Native advertising

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Native advertising is an online advertising method in which the advertiser attempts to gain attention by providing content in the context of the user's experience. Native ad formats match both the form and function of the user experience in which they are placed. The advertiser's intent is to make the paid advertising feel less intrusive and thus increase the likelihood users will click on it. The word "native" is used to refer to the formatting of the advertising materials to make them appear more consistent with other media in the recipient's universe.

Forms[edit]

One form of native advertising, publisher-produced brand content, is similar in concept to a traditional advertorial, which is a paid placement attempting to look like an article. A native ad tends to be less obviously an ad than most advertorials.[1]

Formats for native advertising include promoted videos, images, articles, commentary, music and other media. Examples of the technique include Search advertising (ads appearing alongside search results are native to the search experience) and Twitter with promoted Tweets, trends and people. Other examples include Facebook's promoted stories or Tumblr's promoted posts. Content marketing is another form of native advertising, placing sponsor-funded content alongside editorial content [2] or showing "other content you might be interested in" which is sponsored by a marketer alongside editorial recommendations.[3]

Platforms[edit]

The types of platforms and websites that participate in native advertising can be split into two categories, “open” and “closed” platforms:[citation needed]

  • Closed platforms are brands creating profiles and/or content within a platform, then promoting that content within the confines of that same closed platform. Examples include Promoted Tweets on Twitter, Sponsored Stories on Facebook, City, Vivas and TrueView Video Ads on YouTube. Large publishers, such as Washington Post, have recently started introducing their own native advertising formats.[4]
  • Open platforms are defined by promoting the same piece of branded content across multiple platforms within native ad formats. Unlike closed platforms, the branded content asset lives outside the platform. Examples include Sharethrough and Nativo for long-form evergreen content, and Versa for short-form responsive content.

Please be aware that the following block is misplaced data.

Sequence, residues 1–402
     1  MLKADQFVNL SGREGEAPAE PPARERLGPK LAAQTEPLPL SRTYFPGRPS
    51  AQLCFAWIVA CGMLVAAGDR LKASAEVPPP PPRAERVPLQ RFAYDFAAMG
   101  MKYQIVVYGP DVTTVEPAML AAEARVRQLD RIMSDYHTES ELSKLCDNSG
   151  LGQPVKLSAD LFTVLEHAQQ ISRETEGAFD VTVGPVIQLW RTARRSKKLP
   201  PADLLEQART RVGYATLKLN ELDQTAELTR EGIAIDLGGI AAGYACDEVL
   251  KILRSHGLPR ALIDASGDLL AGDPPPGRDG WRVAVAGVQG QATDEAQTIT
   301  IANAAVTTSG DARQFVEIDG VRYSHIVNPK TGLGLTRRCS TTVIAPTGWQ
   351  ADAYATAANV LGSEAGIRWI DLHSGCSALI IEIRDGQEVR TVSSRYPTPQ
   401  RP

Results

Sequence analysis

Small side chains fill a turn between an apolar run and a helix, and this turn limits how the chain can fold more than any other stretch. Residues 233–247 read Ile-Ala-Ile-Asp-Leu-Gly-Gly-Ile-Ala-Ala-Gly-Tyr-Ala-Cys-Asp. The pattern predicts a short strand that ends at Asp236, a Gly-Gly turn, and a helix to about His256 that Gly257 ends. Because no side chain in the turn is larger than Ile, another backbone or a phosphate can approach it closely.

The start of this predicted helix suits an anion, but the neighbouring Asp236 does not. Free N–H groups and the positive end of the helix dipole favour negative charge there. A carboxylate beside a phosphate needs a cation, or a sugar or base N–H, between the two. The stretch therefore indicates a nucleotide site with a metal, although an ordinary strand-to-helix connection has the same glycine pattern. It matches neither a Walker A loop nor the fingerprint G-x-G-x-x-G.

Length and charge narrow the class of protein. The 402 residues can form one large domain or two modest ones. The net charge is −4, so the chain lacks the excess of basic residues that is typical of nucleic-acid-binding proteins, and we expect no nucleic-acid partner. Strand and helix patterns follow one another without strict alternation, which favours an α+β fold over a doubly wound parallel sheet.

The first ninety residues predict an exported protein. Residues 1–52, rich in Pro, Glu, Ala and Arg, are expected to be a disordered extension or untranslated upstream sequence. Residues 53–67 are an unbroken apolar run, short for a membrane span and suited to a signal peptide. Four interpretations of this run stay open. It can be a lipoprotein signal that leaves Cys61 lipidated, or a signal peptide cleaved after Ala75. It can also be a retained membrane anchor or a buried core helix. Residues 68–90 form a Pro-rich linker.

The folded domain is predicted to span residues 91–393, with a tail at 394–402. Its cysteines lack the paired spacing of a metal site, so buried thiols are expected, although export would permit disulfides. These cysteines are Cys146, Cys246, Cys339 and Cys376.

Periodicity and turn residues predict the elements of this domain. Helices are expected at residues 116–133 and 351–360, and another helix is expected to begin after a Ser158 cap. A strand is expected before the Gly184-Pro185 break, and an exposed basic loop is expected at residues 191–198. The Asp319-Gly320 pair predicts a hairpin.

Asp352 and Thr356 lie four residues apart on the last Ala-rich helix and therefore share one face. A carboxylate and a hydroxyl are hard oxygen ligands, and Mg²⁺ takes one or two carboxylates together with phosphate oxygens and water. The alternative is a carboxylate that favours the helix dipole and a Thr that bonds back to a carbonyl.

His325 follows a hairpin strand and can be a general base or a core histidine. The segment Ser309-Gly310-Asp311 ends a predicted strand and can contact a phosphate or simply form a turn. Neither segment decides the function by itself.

• Hybrid platforms allow publishers to install a private marketplace, while having the option to allow advertisers from other platforms to bid on the same inventory either through direct sales or programmatically through Real-Time Bidding (RTB).

Examples[edit]

Photo sharing platforms such as Instagram and Pinterest are increasingly leading the pack in terms of native advertising. A study has shown that the retention rate for visual information can reach 65% in comparison to 10% for text-based information, thus making Instagram and Pinterest the ideal location for native ads. Since its launch in October 2010, Instagram has accumulated 150 million monthly active users (as of December 2013), posting an average of 55 million photos per day which attract 8500 likes per second. Launching earlier the same year, Pinterest has 70 million users and 80% of these are women, hitting 2.5 billion Pinterest page views a month.[5] Instagram and Pinterest users can earn money for their posts, linked to brands directly by large influencer networks.

Other subtle forms of native advertising began to emerge on Facebook in 2012 and 2013 where brands captured photos or videos of guests and overlaid a logo or brand message and then posted to either the guest's own Facebook page or the brand's corporate page on Facebook. For example, ads for the premiere of The Hobbit: An Unexpected Journey consisted of photographs of VIPs with a Hobbit logo at the bottom.[6]

Twitter's base advertising product MoPub, acquired in September 2013, creates native ads within the Twitter stream such that posts from brands fit into the context around the rest of the user's Twitter updates. MoPub has been successful in generating not only click-through to websites (lead generation) and even direct sale of gaming applications.[7]

One of the biggest problems to date in the native advertising industry has been achieving scale[8], because early instances of native advertising in these social channels are closed platforms that reach finite audiences. They also don't have the authoritative brand that traditional news publishers like the New York Times and The Washington Post can lend to their native ad content. Recently, several new native advertising networks have emerged in an effort to provide the scale advertisers seek by joining multiple publishers and platforms into networks for distribution. These include Sharethrough, Nativo, and Versa.

See also[edit]

References[edit]

External links[edit]